Kindle’s new reader platform, Vella, launched today and I have a story on it. Check out Starlex, my interstellar fantasy. I’ll be adding new episodes every week for what will eventually be a two-season epic! Be sure to give it a thumbs up to help more people discover the story in this brand-new app.
I belong to several Vella authors groups on FaceBook and there are over 2,000 writers involved! Obviously, it is competing with Wattpad. I knew when I joined Wattpad that it was pioneering an excellent idea. I don’t plan to transfer my stories from Wattpad to Vella any time soon, but I thought I’d dip my pen in and try it out.
Speaking of Wattpad, I have a new gothic romance story I’ve been uploading regularly. The first draft is finished. I wrote that story consistently for most of the summer. It’s my first foray into vampire romance so exploring that genre and mixing it in with classic gothic tropes has been fun. I may even develop this story into a series depending on the reader response I get.
Do you plan on using Vella as a reader or writer, or both? I’d love to hear your thoughts in the comments.
Mid-Year Reading Wrap-up
I can’t believe I’ve read thirty-four books so far this year! I discuss all the highs and lows in my latest BookTube video.
It’s the Fourth of July weekend. My poor dog is hiding beneath my desk from the a-holes lighting firecrackers in the street, and I’m wishing I were down the shore with one of my favorite paperbacks, the more well-thumbed the better, sand stuck between salt-stained pages. Whether it’s a bodice ripper romance or an old-school horror classic, dog-eared and dirty evokes a certain nostalgia.
One of my favorite Jersey Shore retreats has a stack of well-worn books I revisit each year like old friends. Some books may have been swallowed by the sea, left on the sand, or absconded in a piece of luggage, but another one is always left in its wake. When it comes to beach reading, my taste leans toward the sleaziest romance or horror offerings. Monsters or monster c***s hit the sweet spot every time.
A few recommendations:
Lace by Shirley Conran
No matter what beach rental I stay in, I always seem to find a copy of Lace. It doesn’t matter if I already know which bitch is her mother, I zip through the pages as if they’re greased with Coppertone. If rain ruins your day at the beach, you can always pop in the Lace mini-series.
Once is Not Enough by Jacqueline Susann
Forget Valley of the Dolls. When the sleaze includes a daddy-obsessed heroine, drug-filled orgies, a nipple-pinching Dr. Feelgood, and the rape of an entire convent of nuns, your sleaze bases are covered. One New York Times critic groused that the 1966 bestseller was, ” populated by “a cast of obscure, unpleasant, implausible, stupid, or sly characters who lurk in the mind for weeks only because one wants to meet and kick them.” For quality like this, one read is definitely not enough.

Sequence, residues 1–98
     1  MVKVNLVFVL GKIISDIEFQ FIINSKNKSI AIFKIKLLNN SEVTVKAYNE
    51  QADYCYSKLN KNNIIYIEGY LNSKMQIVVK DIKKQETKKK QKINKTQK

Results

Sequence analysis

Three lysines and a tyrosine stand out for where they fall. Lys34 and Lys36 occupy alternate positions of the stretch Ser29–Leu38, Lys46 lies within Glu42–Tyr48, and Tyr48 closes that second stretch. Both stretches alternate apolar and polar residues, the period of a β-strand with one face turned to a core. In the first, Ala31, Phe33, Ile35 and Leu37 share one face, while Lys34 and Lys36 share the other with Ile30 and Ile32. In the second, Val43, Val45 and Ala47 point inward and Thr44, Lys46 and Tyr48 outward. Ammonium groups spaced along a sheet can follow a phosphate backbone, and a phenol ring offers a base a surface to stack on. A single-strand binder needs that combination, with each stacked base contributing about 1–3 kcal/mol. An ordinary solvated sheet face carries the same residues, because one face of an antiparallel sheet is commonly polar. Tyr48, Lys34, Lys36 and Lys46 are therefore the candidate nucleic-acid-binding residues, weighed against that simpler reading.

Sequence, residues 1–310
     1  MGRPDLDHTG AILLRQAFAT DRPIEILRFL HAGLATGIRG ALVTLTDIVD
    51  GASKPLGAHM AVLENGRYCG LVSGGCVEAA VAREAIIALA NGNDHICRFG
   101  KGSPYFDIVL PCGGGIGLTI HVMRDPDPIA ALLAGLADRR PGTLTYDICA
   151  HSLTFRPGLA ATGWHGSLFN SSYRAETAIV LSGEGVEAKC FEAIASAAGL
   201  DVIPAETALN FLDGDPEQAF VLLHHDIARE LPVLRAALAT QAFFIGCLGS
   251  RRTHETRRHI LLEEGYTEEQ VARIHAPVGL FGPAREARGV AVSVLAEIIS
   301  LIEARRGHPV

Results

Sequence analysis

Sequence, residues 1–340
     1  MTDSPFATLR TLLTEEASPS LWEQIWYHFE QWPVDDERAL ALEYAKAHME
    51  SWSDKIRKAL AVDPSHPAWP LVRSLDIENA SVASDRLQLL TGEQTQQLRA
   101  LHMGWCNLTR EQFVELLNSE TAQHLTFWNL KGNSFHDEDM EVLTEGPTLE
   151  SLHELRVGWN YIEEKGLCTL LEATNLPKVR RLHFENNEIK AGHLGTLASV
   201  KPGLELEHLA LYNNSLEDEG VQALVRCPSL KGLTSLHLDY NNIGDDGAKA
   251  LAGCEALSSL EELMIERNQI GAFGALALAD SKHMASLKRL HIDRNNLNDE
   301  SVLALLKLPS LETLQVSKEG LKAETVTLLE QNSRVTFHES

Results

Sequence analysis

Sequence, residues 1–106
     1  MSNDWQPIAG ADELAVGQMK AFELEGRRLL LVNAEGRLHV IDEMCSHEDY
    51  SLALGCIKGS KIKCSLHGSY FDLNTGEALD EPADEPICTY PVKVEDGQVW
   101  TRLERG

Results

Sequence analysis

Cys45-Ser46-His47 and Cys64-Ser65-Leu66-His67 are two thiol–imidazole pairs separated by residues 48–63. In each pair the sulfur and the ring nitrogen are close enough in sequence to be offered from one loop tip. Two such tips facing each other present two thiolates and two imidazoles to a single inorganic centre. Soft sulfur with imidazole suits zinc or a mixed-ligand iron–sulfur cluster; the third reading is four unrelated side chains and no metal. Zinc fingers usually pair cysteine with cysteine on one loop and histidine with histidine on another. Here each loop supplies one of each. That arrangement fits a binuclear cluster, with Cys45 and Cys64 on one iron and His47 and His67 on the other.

Jaws by Peter Benchley
Benchley reinvented the classic sea monster story with a realistic spin that made us all afraid of the water. The film is superior on many levels, but nothing says beach-read quite like a well-thumbed copy of Jaws. Just look at that cover!
The Jersey Devil by Hunter Shea
If you think sea monsters are scary, try driving through the New Jersey Pineys a night. The Garden State wilderness contains its own thrills and chills among the scrubby pines. Shea’s flying maneaters will keep you well-entertained as you bake in the sun.
Late last night, after working my “day job” as a theater “roustabout,” I received the fantastic news that my screenplay, Unmasked, was chosen as a finalist for the Best Horror Feature Screenplay Award at the Oregon Scream Week Horror Film Festival. A few months ago, on a whim, I entered my screenplay into a bunch of film festivals. So far, I’ve heard back from two. It won fourth place at The International Horror Hotel, and now it’s up for another award.
I’m thrilled! Unmasked was the first feature-length screenplay I ever attempted to write, the first draft produced in a weekend fever dream over a decade ago. Since then, I’ve written many novels and other works, but Unmasked convinced me I could do it.
I don’t think there is one writer, professional or novice, who doesn’t feel a level of terror when facing the blank page. I’ve written about this before. There is always trepidation, the fear that you can’t do it. The only way to prove to yourself that you can do it is to sit down and do it.
Easy right? Not really. I think what holds most creatives back, and I’m certainly not immune, is that it takes a great deal of self-belief even to attempt a creative endeavor, let alone complete it and work it to some level of competence. Framed another way, you’ll never prove to yourself how incompetent you really are unless you try. The dreaded I suck! fear is probably the number one reason most of us make excuses about why we can’t do something.